Front Page Titles (by Subject) 8.: The Westminster Election of 1865  8 JULY, 1865 - The Collected Works of John Stuart Mill, Volume XXVIII The Collected Works of John Stuart Mill, Volume XXVIII - Public and Parliamentary Speeches Part I November 1850 - November 1868
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8.: The Westminster Election of 1865  8 JULY, 1865 - John Stuart Mill, The Collected Works of John Stuart Mill, Volume XXVIII The Collected Works of John Stuart Mill, Volume XXVIII - Public and Parliamentary Speeches Part I November 1850 - November 1868 
The Collected Works of John Stuart Mill, Volume XXVIII - Public and Parliamentary Speeches Part I November 1850 - November 1868, ed. John M. Robson and Bruce L. Kinzer (Toronto: University of Toronto Press, London: Routledge and Kegan Paul, 1988).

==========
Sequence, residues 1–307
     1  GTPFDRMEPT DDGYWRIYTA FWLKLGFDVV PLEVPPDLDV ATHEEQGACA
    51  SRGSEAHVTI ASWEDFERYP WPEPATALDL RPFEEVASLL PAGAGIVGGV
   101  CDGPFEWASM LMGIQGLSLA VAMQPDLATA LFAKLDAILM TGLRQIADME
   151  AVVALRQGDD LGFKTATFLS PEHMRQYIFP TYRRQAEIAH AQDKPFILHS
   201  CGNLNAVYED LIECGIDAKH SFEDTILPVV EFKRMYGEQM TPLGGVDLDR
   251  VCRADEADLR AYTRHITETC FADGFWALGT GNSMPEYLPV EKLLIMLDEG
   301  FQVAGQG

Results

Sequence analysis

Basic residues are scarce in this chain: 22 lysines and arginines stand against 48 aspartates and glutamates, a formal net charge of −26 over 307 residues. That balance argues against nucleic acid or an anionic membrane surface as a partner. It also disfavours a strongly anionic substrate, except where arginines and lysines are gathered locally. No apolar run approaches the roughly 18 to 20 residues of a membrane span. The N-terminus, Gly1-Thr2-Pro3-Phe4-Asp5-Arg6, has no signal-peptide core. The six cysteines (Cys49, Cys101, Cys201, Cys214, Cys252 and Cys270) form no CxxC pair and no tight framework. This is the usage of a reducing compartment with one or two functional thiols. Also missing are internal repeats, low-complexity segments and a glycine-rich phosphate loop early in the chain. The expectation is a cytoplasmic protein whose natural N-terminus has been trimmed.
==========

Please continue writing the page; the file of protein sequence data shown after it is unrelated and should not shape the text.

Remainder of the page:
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The Westminster Election of 1865 
Daily Telegraph, 10 July, 1865, p. 2. Headed: “Election Intelligence. / Westminster.” Reported fully on the same day in the Morning Star; brief summaries appeared also in the Daily News and The Times. The meeting of electors and non-electors on Saturday evening in the Pimlico Rooms, Winchester Street, was chaired by Charles Westerton. “The room was densely crowded by a most enthusiastic audience” (Daily Telegraph).